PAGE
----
Comic writer Dan Abnett is no stranger to world-building, but in the new Infinite Crisis digital comic that launched this week, he's building multiple worlds, with the potential for an almost infinite number of DC-based characters on 52 different alternate Earths.
The Infinite Crisis comic is the latest DC video game tie-in story — this time set inside the world of the multiplayer online battle arena game of the same name, Infinite Crisis, which recently went into Open Beta. The story of Infinite Crisis deals with different universes merging together, featuring alternate versions of some of DC's most popular characters.
Abnett is best known for his space-based adventures at Marvel and DC, like Guardians of the Galaxy and Legion of Super-Heroes, often working with co-writer Andy Lanning. Known for world-building in those types of comics, the writer will put those skills to use with Infinite Crisis, which will feature characters like Nightmare Robin and Gaslight Catwoman, as well as alternate Earths called Mecha, Arcane, and Atomic.
"Of course, they want me to show and explore the things that they've already got in the game, to increase awareness of that and show how exciting it is," Abnett said. "But I'm also introducing new characters, and there are even things I'm doing that they're putting into the game after they were designed for the comic.
"Even when I'm going to a world that's in the game, obviously the game experience is different from the comic, so I have to deliver more, in terms of world-building and character development," he said. "So yes, there's quite a bit of world-building, and also remodeling, in terms of adding stuff and developing things that are there."
The story of the Infinite Crisis comic starts on what DC calls its Prime Earth, where readers see Batman discovering that there are alternate Earths. "We see where Batman encounters the multiverse for the first time," Abnett said. "So we sort of learn through him what is going on.
"Batman starts out as the primary guy, but he essentially becomes part of a team, the team being made up of Elseworlds characters," Abnett said.
"We have Atomic Wonder Woman, who's the Wonder Woman from the post-apocalypse Earth; we have Arcane Green Lantern, who's the Green Lantern from a mystical, fantasy world; and we have Gaslight Catwoman, who's obviously from the Gotham by Gaslight iteration of the multiverse.
"And quite wonderful, a character called Nightmare Robin, who's from a sort of demonic world, where Batman is a threat. So being on a team with a 'good' Batman makes for some very interesting character clashes," Abnett said with a laugh.
"We'll also go back to Prime Earth and have some of the classic Prime characters, who are looking for Batman, and they'll get pulled into it as well," he said. "And then you'll have two groups moving through the multiverse, hopefully moving to some kind of connection later on. And also later on, I'll bring more new characters in who will join up eventually. So the momentum builds."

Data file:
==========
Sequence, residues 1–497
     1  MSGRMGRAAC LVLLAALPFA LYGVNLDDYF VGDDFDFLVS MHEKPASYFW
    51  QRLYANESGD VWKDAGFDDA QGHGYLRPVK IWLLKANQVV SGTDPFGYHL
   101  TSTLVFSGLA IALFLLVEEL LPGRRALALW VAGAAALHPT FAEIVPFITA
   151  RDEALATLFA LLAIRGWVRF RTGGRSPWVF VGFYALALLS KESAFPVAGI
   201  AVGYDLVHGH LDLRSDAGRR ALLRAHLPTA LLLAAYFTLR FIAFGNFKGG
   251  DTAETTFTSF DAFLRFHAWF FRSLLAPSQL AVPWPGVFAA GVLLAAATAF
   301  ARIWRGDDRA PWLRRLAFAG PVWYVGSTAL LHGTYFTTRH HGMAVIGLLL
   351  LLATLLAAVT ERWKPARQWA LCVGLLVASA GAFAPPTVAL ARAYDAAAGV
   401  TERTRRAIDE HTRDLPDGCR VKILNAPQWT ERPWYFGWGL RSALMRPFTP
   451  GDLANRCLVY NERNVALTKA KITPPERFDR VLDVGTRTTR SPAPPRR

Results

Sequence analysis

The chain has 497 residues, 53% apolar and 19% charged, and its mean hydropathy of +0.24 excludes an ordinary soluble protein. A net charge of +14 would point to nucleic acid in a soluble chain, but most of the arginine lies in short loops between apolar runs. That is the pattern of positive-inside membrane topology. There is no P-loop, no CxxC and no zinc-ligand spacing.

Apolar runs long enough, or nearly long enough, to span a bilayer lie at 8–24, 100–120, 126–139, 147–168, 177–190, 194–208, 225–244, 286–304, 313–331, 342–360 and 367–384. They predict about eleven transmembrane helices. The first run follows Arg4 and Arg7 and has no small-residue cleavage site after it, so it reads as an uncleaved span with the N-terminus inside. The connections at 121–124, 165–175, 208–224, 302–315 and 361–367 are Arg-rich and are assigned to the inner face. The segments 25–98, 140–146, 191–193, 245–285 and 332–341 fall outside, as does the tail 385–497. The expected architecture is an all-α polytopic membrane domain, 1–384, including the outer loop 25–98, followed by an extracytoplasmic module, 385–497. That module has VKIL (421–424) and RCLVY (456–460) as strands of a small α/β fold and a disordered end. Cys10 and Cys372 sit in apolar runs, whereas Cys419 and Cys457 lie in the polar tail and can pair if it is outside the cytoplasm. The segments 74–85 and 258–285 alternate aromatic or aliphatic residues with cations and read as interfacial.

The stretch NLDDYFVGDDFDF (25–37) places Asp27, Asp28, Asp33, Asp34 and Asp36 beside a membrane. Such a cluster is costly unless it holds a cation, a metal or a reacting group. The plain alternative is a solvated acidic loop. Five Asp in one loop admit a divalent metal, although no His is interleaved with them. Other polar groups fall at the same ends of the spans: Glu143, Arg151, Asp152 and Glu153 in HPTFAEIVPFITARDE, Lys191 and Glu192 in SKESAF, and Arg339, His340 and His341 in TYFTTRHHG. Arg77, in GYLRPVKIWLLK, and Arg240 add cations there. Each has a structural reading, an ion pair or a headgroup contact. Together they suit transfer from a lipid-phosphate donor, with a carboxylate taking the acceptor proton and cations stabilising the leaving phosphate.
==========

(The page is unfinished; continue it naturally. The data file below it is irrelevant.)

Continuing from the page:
Because the digital publication is weekly, Abnett said he's able to juggle different storylines, alternate settings and various characters while still keeping Prime Earth Batman at the center of the story.
"There's a fast turnaround of chapters. It's one of those things where if we see what Batman's doing one week, I can step away for a week and introduce other characters coming into the story from a different direction," the writer explained. "So throughout the run, there will be two or three stories happening simultaneously.
"So rather there being story arcs, there is a great arc we're building, where paths begin to cross and storylines begin to intersect," he said. "So I think you can imagine it a bit like a tree. You start off with a single straight trunk, to keep it simple, but then the branches begin to sprout and interweave with each other. So not starting too complex, but building there once we get comfortable with what's going on and the true scale of what's going on."
Abnett said that although there are parts of the comic that "set-up" what happens in the game, the comic doesn't necessarily fit the description "prequel." While there is "prefacing material and prologue," Abnett said the comic will eventually serve as one part of the world portrayed by the game.
"As Batman follows his adventures, it's almost like this is one version of how you could play the game, depending on which character you've chosen and which characters you're meeting."
Abnett said he's been given a lot of freedom — more than he expected, working with a video game property. "If I had any reservations at all about producing a comic that is based on a game, it was the sense that it might be contained a bit and I'd have to play it very safe, but the game developer was so keen to make this a very robust story," he said. "When I realized that, I saw that it was a great opportunity, to work with not only characters in the DC universe, but all the characters in the DC 52 multiverse, which is just a terrific thing."
The writer also emphasized that the comic can be enjoyed even by people who don't play the video game.
"I'm writing this comic on the understanding that if you play the game, you'll really enjoy the comic because you'll understand what's going on, but if you don't play the game, it's a good comic in its own right and doesn't rely on your knowledge of anything else," he said. "I'm making sure that it's a dynamic story without requiring you to know a lot about what's going on in the game.
Abnett said he's about "10 or 11 episodes" into writing the series, which will be released monthly in print, beginning in June. "I'm further than that, in terms of planning," he said.